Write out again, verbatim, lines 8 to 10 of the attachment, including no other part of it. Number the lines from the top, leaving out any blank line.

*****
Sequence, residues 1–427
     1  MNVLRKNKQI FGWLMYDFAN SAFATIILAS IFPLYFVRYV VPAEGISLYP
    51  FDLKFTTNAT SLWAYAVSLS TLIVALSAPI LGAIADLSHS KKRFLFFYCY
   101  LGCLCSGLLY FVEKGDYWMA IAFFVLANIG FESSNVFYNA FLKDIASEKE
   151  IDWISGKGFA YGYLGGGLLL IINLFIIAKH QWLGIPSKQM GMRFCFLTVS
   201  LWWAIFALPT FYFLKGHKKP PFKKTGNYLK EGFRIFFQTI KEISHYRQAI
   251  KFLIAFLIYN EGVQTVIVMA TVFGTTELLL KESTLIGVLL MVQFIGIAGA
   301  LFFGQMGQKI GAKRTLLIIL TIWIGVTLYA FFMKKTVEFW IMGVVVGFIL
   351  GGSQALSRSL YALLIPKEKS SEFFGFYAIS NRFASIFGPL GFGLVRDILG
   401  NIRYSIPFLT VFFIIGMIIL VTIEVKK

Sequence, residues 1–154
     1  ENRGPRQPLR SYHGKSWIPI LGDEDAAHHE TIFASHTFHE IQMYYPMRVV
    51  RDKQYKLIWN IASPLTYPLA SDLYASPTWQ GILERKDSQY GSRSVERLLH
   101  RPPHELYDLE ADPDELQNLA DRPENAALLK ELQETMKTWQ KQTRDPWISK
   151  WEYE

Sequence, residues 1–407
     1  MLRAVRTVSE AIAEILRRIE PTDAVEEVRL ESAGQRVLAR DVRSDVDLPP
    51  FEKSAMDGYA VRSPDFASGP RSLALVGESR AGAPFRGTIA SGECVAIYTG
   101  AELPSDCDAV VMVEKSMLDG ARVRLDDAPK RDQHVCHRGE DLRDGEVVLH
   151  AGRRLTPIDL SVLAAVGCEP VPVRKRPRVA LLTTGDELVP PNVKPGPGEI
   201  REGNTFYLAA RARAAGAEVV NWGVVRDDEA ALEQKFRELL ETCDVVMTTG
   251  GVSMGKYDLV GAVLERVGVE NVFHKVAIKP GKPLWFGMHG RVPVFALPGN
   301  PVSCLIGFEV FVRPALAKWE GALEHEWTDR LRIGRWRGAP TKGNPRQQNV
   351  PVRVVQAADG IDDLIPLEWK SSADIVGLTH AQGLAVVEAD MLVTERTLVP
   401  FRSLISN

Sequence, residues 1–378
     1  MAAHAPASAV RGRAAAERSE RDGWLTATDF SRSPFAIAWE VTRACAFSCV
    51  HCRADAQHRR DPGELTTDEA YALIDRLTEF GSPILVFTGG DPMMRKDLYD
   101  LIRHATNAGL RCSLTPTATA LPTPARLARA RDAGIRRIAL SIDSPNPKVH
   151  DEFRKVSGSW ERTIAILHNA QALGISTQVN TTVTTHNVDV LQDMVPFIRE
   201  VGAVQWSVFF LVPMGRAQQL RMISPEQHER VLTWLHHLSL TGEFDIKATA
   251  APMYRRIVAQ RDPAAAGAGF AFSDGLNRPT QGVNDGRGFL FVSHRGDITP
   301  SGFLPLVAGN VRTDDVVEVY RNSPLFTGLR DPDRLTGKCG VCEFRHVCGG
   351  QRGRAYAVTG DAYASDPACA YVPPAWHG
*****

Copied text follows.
   301  LFFGQMGQKI GAKRTLLIIL TIWIGVTLYA FFMKKTVEFW IMGVVVGFIL
   351  GGSQALSRSL YALLIPKEKS SEFFGFYAIS NRFASIFGPL GFGLVRDILG
   401  NIRYSIPFLT VFFIIGMIIL VTIEVKK